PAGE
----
Trastevere is the 13th rione of Rome: it is identified by the initials R. XIII and it is located within the Municipio I. Its name comes from the Latin trans Tiberim, meaning literally "beyond the Tiber".
Sant'Andrea della Valle is a minor basilica in the rione of Sant'Eustachio of the city of Rome, Italy. The basilica is the general seat for the religious order of the Theatines. It is located at Piazza Vidoni, 6 at the intersection of Corso Vittorio Emanuele and Corso Rinascimento.
The Basilica of Santa Maria in Trastevere ; English: Our Lady in Trastevere) is a titular minor basilica in the Trastevere district of Rome, and one of the oldest churches of Rome. The basic floor plan and wall structure of the church date back to the 340s, and much of the structure to 1140-43. The first sanctuary was built in 221 and 227 by Pope Callixtus I and later completed by Pope Julius I. The church has large areas of important mosaics from the late 13th century by Pietro Cavallini.
See also: 3rd century in architecture, 5th century in architecture and the architecture timeline.
Campitelli is the 10th rione of Rome, identified by the initials R. X, and is located in the Municipio I.
Borgo is the 14th rione of Rome, Italy. It is identified by the initials R. XIV and is included within Municipio I.
Campo Marzio is the 4th rione of Rome, identified by the initials R. IV. It belongs to the Municipio I and covers a smaller section of the area of the ancient Campus Martius. The logo of this rione is a silver crescent on a blue background.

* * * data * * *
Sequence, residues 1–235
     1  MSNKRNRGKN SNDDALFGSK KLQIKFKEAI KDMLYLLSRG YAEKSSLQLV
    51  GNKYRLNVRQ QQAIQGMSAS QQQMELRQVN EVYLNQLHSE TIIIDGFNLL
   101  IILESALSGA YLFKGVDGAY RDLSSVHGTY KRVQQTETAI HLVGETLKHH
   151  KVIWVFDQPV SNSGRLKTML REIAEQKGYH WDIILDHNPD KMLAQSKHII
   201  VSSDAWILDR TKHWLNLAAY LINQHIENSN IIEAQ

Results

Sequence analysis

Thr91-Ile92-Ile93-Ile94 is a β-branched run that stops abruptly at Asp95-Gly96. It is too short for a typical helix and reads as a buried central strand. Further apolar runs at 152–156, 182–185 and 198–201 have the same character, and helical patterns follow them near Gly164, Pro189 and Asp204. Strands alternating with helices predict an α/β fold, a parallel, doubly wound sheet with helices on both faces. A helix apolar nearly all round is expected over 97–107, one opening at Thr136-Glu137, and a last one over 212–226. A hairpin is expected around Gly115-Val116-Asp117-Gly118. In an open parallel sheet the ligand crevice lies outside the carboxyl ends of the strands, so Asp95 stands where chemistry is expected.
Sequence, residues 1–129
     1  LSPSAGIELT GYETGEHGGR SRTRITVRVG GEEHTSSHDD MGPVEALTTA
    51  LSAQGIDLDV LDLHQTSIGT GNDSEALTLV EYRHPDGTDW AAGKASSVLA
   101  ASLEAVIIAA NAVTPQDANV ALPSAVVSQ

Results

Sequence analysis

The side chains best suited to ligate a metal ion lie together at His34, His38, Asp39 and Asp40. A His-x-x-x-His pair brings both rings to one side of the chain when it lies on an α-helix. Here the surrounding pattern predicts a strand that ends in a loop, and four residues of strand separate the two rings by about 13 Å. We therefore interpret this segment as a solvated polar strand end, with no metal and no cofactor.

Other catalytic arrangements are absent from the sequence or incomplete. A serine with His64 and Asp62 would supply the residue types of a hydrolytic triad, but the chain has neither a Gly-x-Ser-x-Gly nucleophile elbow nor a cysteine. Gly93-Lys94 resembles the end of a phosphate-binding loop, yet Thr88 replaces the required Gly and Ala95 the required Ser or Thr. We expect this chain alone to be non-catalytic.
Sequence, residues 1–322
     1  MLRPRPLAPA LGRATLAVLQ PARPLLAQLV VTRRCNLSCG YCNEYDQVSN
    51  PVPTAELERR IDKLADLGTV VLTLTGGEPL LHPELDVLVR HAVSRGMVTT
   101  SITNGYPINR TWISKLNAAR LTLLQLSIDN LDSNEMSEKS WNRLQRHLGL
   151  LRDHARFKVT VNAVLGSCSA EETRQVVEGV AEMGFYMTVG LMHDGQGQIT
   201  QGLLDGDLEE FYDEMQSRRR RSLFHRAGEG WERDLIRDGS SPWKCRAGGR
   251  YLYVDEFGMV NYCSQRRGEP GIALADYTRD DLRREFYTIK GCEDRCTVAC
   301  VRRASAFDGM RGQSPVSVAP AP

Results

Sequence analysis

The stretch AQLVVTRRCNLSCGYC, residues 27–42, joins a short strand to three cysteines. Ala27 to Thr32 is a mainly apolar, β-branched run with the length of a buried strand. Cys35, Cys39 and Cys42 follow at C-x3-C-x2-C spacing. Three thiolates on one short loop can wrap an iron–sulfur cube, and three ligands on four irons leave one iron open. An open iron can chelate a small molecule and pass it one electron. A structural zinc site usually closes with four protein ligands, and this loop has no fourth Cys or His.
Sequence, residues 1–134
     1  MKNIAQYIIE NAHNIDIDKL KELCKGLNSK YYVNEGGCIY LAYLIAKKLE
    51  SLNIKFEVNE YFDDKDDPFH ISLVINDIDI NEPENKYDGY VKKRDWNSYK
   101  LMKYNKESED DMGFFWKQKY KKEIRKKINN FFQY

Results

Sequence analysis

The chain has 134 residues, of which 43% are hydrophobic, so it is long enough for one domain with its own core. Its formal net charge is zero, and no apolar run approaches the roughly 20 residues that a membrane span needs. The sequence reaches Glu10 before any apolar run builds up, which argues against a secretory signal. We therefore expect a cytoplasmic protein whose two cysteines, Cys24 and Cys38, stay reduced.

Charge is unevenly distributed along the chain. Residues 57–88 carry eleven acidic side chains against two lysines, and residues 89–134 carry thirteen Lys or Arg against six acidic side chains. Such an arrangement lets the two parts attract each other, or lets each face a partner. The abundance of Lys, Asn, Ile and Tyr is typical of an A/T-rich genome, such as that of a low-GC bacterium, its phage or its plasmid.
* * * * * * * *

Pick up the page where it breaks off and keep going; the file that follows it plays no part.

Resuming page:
The church of Saint Agnes Outside the Walls is a titulus church, minor basilica in Rome, on a site sloping down from the Via Nomentana, which runs north-east out of the city, still under its ancient name. What are said to be the remains of Saint Agnes are below the high altar. The church is built over the Catacombs of Saint Agnes, where the saint was originally buried, and which may still be visited from the church. A large basilica with the same name was built nearby in the 4th century and its ruins can be seen near Santa Costanza, in the same site. The existing church was built by Pope Honorius I in the 7th century, and largely retains its original structure, despite many changes to the decoration. In particular the mosaic in the apse of Agnes, Honorius, and another Pope is largely in its original condition. The current Cardinal Priest of the Titulus S. Agnetis Extra moenia is Camillo Ruini.
Carlo Fontana was an Italian architect originating from today's Canton Ticino, who was in part responsible for the classicizing direction taken by Late Baroque Roman architecture.
Santi Nereo e Achilleo is a fourth-century basilica church in Rome, Italy, located in via delle Terme di Caracalla in the rione Celio facing the main entrance to the Baths of Caracalla. The Cardinal Priest of the Titulus Ss. Nerei et Achillei was Theodore Edgar McCarrick until his resignation from the cardinalate on 28 July 2018.